This article is part of a series of articles discussing some issues arising when investing your IRA into an entity, such as a limited liability company, corporation, limited partnership, or trust. Other articles in this series include advantages and cautions when making entity investments, unrelated business income (UBI) and unrelated debt-financed income (UDFI) as it relates to entity investments, the plan asset regulations and other regulations which may apply, and formation and management issues, including the “checkbook control” LLC which has become so popular in the self-directed IRA industry.
As with any self-directed IRA investment, when investing your IRA in an entity you must know what transactions are prohibited and who is disqualified from doing business with your IRA or benefiting from your IRA’s investments. The general rule, as defined in Internal Revenue Code (“IRC”) Section 4975(c)(1), is that a “prohibited transaction” means any direct or indirect –
A) Saleor exchange, or leasing, of any property between a plan and a disqualified person;
B) Lending of money or other extension of credit between a plan and a disqualified person;
C) Furnishing of goods, services, or facilities between a plan and a disqualified person;
D) Transfer to, or use by or for the benefit of, a disqualified person of the income or assets of the plan;
E) Act by a disqualified person who is a fiduciary whereby he deals with the income or assets of a plan in his own interest or for his own account; or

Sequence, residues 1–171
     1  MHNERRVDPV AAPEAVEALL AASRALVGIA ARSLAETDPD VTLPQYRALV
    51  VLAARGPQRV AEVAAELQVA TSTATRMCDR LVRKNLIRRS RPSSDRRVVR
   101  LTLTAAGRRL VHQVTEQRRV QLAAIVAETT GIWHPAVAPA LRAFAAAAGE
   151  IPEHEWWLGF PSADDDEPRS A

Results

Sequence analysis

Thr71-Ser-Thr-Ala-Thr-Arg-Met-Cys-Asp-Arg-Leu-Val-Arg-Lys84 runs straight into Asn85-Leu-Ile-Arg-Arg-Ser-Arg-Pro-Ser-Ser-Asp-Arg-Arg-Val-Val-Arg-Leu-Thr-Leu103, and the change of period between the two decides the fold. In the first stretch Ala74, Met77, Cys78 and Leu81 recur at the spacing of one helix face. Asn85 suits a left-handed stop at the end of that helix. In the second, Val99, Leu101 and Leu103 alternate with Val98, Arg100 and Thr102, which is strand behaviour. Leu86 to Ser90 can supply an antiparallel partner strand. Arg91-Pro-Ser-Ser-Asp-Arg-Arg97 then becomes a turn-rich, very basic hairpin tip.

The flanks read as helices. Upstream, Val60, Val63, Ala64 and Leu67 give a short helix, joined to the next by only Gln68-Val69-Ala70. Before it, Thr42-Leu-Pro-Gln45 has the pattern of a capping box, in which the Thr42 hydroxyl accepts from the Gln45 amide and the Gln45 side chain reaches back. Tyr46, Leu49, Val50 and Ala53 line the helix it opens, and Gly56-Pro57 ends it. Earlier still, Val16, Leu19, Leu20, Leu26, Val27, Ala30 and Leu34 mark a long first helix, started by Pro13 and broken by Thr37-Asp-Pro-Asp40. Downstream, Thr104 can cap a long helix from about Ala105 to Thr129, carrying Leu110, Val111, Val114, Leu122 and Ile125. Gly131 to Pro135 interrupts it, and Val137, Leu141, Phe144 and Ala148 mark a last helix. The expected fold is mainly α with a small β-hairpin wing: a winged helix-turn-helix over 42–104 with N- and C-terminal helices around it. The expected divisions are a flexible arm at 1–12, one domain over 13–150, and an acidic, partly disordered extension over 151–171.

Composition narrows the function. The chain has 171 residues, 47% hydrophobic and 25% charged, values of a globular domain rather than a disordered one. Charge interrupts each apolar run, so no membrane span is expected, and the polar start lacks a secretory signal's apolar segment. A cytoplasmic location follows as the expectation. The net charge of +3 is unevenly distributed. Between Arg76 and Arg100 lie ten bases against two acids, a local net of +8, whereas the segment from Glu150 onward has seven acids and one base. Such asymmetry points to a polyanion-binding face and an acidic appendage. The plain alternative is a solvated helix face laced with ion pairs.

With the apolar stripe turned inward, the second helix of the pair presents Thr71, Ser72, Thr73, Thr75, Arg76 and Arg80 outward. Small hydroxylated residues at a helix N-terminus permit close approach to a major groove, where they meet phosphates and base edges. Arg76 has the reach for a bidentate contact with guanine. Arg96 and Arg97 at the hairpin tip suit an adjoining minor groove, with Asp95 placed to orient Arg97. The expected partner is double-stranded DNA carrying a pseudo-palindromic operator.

F) Receipt of any consideration for his own personal account by any disqualified person who is a fiduciary from any party dealing with the plan in connection with a transaction involving the income or assets of the plan.
Essentially, the prohibited transaction rules are intended to discourage disqualified persons from dealing with the assets of the plan in a self-dealing manner, either directly or indirectly. The assets of a plan are to be invested in a manner which benefits the plan itself and not the IRA holder (other than as a beneficiary of the IRA) or any other disqualified person. Investment transactions are supposed to be on an arms length basis. There are various exceptions and class exemptions to the prohibited transaction rules, but unless you know of a specific exception, the wisest course is to stay away from a transaction involving one of the above situations.
Note that the last two restrictions listed above (E and F) apply to a special class of disqualified persons who are also fiduciaries. These two provisions are designed to ensure that the fiduciary does not participate in a transaction in which he or she may have a conflict of interest. At least in the context of a self-directed IRA, the IRA holder is considered to be a fiduciary of the plan. Other fiduciaries may include officers, directors and managers of entities owned by IRA’s. Fiduciaries of retirement plans owe a duty of undivided loyalty to the plans for which they act. The prohibitions are therefore imposed on fiduciaries to deter them from exercising the authority, control, or responsibility which makes them fiduciaries when they have interests which may conflict with the interests of the plans for which they act. Any action taken where there is a conflict of interest which may affect the best judgment of the fiduciary is likely to be a prohibited transaction.
All prohibited transactions involve a plan and a disqualified person. There are nine different classes of disqualified persons. They are: